I think the general idea of your letter is perfectly fine, though I would modify it slightly to be a little more formal and add some more info. I recommend more formal, because letters in general tend to be more formally written, and you are addressing a stranger who is from an older generation. I also recommend mentioning the reason you are contacting them ...


5

Bring it up during conversation. When your dad tries to inquire about how things are going in your life, you should respond with something like this: Hey, I appreciate that you're interested in how things are going for me, but do you think we could talk about X instead? I think it might be fun to just forget about that stuff for a while and talk about ...


5

I'd start by asking if grandmother knows that mother has her contact information. If so, then I'd respond with "I understand you want to get together but that's not my place to give out contact information. I'm sorry but I can't get in the middle of this. If Mom wants to contact you, she will." If she does not, then I'd respond with, "I haven't asked her ...


4

I really don't think you need to do anything. Starting a conversation without even a simple hello, even amongst close acquaintances, and especially on the phone, is out of the norm. The problem was with the caller and not anything you said. A more common expression in your scenario would be to say 'Who is this?' rather than 'Who are you?' since the latter ...


3

I have lived in Canada for 50 years. People have mentioned their religion and I have never seen someone react poorly to hearing someone was Catholic. 30 years ago I would hear "jokes" such as equating being Catholic with having a large family, but I never heard anyone worrying that a Catholic would try to convert them. Further, I never heard anyone trying ...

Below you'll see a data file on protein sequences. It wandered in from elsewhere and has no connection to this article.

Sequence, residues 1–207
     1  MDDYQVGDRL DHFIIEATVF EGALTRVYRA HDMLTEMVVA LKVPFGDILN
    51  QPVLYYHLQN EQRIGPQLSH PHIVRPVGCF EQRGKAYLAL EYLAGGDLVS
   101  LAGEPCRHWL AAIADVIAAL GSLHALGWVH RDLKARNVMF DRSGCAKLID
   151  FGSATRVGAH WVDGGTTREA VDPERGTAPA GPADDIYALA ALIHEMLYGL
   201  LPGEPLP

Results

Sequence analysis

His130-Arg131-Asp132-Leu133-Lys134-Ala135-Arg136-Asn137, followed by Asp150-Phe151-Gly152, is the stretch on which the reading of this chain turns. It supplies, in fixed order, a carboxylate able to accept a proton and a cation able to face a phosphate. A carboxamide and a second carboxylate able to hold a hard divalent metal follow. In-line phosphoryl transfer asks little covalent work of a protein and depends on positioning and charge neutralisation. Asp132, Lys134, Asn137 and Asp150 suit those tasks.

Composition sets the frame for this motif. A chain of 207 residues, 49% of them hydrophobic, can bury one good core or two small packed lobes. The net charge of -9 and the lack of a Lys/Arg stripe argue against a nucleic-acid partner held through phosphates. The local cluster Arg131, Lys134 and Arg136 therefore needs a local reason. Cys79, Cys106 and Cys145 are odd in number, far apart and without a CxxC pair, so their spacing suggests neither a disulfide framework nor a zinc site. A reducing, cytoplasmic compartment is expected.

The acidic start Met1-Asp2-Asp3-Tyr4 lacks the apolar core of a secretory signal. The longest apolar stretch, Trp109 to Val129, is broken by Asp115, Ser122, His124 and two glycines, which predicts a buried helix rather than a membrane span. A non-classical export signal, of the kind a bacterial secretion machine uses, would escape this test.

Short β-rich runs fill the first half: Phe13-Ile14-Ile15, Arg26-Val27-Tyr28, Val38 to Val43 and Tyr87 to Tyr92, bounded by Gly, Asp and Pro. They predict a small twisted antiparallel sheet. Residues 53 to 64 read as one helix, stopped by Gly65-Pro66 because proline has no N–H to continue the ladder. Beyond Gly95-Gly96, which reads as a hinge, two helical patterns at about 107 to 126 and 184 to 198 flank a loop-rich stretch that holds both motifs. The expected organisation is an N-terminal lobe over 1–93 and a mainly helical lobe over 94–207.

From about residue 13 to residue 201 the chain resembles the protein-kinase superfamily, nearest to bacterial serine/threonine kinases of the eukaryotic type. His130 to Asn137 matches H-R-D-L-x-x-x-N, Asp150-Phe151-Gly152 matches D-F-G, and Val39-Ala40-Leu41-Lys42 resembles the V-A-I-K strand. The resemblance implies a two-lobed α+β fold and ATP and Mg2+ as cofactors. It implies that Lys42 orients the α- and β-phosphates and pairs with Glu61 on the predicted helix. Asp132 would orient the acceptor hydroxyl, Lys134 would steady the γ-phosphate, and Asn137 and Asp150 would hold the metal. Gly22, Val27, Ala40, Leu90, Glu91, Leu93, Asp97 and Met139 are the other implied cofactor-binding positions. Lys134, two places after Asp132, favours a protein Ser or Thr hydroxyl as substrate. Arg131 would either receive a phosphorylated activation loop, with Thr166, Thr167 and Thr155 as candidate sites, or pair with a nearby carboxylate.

3

If you are friends on Facebook, drop them a line in messenger, something like Hi, I am doing my family tree right now (isn't everyone), and I remember my mum telling me you knew my father, is there anything you could tell me about his extended family? With these really open-ended question you haven't put them on the spot as well they can say it took them ...


3

TL;DR No, you probably shouldn't ask, and if you do ask don't press the issue. Unless you're hoping to rekindle this relationship it would probably be best to leave it be. Asking his parents about him, in anything more than a passing way, may be perceived as a signal that you would like to resume the relationship. If they read your question that way, you ...


3

I would like to add to @anongoodnurse's excellent answer. A proper (personal and detailed) thank you in some way (letter, phone call, etc.) is the most appropriate response. It could be, though, that the estranged grandfather is making some kind of attempt to reconnect, to repair the relationship. My source for this? Personal experience. In my ...


2

Can you even avoid it, I wonder. I would think that eventually you would most likely have to ask that question. Perhaps you could have tried pretending you knew who she was by just asking how she was and just talk about yourself until something, some kind of clue helped you remember her. But yeah, after reading Bradley's answer you could just say that you ...


2

I think you have to be truthful. You can tell her that, you respect your mother choice but if one day your mother wishes to reconnect with her family then you will be glad to give her her contact information. Forcing your mother in a relationship that she escaped for a very long time, might maybe also stain your relationship with your mother. So you have to ...


2

Don't avoid it, instead keep the conversation exactly as you've had it! Even in cases like "Hi is this Masked Man?" Again ask "Who is this?" This time you got lucky as it was an old friend of yours but next time it could be a scammer: Not a very well known scam but one that terrifies me is all they need is any positive response from you: Then:"Is this ..."...


2

Having been a dad in a somewhat similar situation... He's trying. Being a dad is a hard thing to be. One of those things that you don't fully wrap your head around till you're doing it and questioning wether you're doing it well, so you try harder... It's a vicious cycle. As a dad you're trying to impart all of those lessons and tips you wish someone told ...


1

After the apology, a good segue into explaining the reasoning behind occurred is that explaining that your contact with your mom cannot involve your father. This is obviously the most important thing to you when it comes to getting in touch with her, so this is what you should aim to clear the air about first. It'll both give you a chance to explain your ...